|New life in the form of a tree I'm planting in a mentor's garden.|
Let me start by telling you a bit more about the families that live at the Anyaóvó. While I have been working there, there has usually been 12 families residing there. The mission of the shelter is to provide a place to stay for families that are struggling for a maximum of 12-18 months and support them as they try to get back on their feet, but often times families end up staying for longer. Some of the families are single parent (mom or dad), some of the parents are older, some of them are closer to my age. Many of the families are Roma, many of the families are not. Some of the parents currently have jobs, some of them don't. Some of the parents are diligent about making sure they get their kids to school everyday, some of them aren't. Most of my interactions are with the social workers who work there and the kids. The kids I spend the most time with are around 8-11 years old, but I've gotten to spend significant time with kids from ages 2-15.
If you have known me for awhile, maybe you have heard me say that I don't like kids. And those who have known me forever, and those who met me five minutes ago will know that I have a six-year-old nephew (the light of my life) and three-year-old niece (other light of my life, but also rival) because I talk about them all the time and shove pictures in your face, like so:
|Actually the cutest kids in the entire world. And they know it. Because I tell them all the time.|
In actuality, my fondness for kids is somewhere in the middle. Was I super ecstatic when I found out in July that I would be working with kids? Not really, but I also wasn't not excited to see what God had in store for me in this call. The point of this is, as adorable and fun spending time with the kids at the Anyaóvó can be, sometimes I can also be quick to be annoyed or frustrated with the kids. Sometimes they say mean things, or want to do something different every five seconds, so in short, they behave like regular kids. But then every once in a while something happens, like a kid will ask me if I have a dad, or an eight-year-old will carry around her baby sister on her hip and I remember that families aren't living here because things are easy in their lives. The other day I heard two kids talking to each other about what towns they lived in before they lived at the shelter, and it clicked that their lives at the shelter are new and different, and also not permanent. One of the kids I had gotten closest to just moved out with his mom and little brother. Now they have to try and live a new life, and that can be scary.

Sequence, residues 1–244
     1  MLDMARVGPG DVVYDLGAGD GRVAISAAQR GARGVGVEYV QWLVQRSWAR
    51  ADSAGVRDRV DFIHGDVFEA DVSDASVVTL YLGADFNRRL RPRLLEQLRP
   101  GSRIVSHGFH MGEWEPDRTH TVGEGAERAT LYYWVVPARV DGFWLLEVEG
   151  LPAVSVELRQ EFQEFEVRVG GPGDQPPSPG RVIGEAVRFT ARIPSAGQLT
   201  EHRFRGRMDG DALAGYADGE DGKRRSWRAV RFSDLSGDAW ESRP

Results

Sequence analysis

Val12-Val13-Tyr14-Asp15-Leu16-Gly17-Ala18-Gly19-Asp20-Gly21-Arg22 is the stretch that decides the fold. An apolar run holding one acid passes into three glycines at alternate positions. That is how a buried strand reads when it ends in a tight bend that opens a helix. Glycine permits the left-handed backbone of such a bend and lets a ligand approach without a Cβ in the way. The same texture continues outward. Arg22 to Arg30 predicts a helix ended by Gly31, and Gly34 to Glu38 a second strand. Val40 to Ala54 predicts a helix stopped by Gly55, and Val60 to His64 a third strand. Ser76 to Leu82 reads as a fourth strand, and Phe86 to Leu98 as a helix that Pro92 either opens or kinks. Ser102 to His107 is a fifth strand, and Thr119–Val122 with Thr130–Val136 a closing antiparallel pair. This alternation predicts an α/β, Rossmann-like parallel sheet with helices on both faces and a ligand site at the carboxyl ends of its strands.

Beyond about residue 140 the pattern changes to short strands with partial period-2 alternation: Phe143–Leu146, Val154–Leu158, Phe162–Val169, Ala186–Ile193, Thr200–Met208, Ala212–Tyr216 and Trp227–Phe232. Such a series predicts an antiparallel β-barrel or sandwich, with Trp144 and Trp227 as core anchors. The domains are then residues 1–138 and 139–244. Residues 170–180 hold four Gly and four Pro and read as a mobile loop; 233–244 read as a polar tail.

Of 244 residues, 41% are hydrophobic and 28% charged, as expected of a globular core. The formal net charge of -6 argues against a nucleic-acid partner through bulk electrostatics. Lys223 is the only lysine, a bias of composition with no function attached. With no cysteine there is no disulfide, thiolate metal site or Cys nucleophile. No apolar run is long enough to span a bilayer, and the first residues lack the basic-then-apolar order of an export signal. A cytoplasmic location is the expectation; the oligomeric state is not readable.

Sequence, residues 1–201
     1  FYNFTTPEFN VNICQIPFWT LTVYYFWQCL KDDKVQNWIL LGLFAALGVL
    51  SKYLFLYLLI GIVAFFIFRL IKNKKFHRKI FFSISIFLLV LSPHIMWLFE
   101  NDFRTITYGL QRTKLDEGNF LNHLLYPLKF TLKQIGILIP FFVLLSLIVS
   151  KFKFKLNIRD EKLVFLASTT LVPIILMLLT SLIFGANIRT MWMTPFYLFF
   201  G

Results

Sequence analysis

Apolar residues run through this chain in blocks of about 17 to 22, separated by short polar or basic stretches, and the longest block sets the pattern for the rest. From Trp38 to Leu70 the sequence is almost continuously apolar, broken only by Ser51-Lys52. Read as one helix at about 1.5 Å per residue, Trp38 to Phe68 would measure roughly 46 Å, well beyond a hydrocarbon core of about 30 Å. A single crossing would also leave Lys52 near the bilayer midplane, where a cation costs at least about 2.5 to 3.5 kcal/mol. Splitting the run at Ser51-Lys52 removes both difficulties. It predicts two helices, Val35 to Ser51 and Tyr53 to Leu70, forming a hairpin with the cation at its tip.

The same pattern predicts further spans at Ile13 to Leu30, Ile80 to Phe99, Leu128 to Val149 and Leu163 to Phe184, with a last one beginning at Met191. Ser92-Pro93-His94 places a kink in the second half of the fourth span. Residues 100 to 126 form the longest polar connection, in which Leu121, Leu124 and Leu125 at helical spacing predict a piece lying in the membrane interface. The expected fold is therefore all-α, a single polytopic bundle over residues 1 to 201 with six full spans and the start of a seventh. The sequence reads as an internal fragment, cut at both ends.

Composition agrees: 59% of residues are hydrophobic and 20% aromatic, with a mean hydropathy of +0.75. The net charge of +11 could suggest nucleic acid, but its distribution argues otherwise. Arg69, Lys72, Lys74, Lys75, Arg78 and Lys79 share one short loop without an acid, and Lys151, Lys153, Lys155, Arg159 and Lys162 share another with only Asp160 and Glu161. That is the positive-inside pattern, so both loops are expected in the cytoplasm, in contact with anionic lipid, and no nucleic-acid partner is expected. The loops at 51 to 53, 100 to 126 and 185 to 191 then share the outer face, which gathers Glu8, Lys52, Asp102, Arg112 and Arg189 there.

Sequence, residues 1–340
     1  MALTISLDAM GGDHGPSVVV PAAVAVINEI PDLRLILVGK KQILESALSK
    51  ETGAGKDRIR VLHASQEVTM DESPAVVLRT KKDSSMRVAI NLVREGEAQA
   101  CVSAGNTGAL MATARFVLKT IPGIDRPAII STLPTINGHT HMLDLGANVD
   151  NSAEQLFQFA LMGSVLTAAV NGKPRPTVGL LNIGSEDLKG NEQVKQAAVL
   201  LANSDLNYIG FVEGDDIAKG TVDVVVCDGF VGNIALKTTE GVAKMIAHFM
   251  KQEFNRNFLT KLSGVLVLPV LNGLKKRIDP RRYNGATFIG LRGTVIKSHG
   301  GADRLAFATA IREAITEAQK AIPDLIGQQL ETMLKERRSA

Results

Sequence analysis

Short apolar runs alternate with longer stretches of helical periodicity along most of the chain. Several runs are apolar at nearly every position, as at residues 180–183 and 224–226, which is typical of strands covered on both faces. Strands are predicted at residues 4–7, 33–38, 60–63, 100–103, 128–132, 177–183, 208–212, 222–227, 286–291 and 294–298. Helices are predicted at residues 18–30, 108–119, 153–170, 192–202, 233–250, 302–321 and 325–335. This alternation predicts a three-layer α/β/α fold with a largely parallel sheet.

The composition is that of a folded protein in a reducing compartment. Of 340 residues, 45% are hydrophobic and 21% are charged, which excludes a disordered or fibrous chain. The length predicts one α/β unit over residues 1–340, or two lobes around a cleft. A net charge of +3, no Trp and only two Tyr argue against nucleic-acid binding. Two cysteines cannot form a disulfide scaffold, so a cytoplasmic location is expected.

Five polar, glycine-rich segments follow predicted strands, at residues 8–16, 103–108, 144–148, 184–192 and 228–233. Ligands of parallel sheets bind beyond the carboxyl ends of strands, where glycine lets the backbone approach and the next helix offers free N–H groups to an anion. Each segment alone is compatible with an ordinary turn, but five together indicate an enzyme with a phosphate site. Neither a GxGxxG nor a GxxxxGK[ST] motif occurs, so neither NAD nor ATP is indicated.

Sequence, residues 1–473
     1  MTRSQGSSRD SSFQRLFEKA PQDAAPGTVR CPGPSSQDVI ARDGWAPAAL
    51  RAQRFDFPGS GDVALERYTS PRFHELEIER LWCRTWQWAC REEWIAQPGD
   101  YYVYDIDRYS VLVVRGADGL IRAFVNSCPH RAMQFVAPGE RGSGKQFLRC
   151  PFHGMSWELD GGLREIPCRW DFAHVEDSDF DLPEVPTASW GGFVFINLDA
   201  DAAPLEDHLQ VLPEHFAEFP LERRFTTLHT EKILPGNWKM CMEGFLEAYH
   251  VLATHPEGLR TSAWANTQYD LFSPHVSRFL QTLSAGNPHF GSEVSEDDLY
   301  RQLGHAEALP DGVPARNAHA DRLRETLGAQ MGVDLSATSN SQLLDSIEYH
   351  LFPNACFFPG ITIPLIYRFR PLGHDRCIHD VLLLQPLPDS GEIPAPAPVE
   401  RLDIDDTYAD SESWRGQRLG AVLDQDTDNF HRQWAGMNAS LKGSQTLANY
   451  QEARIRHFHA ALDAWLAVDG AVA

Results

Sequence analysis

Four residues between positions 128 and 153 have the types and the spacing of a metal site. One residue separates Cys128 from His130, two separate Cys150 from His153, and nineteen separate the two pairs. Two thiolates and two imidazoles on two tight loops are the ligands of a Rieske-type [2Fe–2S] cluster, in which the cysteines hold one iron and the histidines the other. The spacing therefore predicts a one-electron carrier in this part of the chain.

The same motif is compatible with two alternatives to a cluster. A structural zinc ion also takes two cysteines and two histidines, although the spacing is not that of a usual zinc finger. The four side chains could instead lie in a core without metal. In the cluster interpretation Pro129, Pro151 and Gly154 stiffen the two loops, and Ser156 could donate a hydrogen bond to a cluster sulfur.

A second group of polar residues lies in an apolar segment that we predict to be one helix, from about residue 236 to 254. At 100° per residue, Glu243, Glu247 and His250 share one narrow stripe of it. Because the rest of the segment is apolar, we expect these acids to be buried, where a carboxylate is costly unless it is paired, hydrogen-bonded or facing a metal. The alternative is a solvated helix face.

|New friend who just moved into the Anyaóvó. We made that together. He basically did all the work. He's cool.|
Look at the Easter story in the bible: the one we read on Sunday morning was in Mark. The women when they enter the tomb "were alarmed," and after the scene with the angels "fled from the the tomb, for terror and amazement had seized them," (Mark 16:8). This new life thing is a bit frightening.
I had failed to realize for so long how scary it most be for the kids and the families in their new lives, or preparing for their new lives, not knowing what comes next. I can certainly relate to it though. There were definitely nerves when I first got to Nyíregyháza about what the next ten months would bring. I'm definitely getting a little scared thinking about what life will be like when I go back to the US. Sure, I know the logistics of what comes next, but it's unsettling thinking about how I have to go back to my normal life, because I don't know what will be normal anymore, I certainly can't go back to living life as if this year never happened; it's scary to look at the unknown of new life.
But there is one thing I have learned, and it is also in the Easter story: the joy that new life also brings. As I already pointed out, in Mark, it says the women fled "for terror and amazement had seized them," (Mark 16:8), and in Matthew the story is very similar (synoptic gospels, am I right?) but instead the women are described leaving "quickly with fear and great joy," (Matthew 28:8). I have seen the great joy that is in new life here in Nyíregyháza, and it is a joy of little things, like laughing over meals with my host mom, or the freedom of riding my bike to work in the mornings and afternoons. It is the joy that comes from having a community that cares for me and supports me.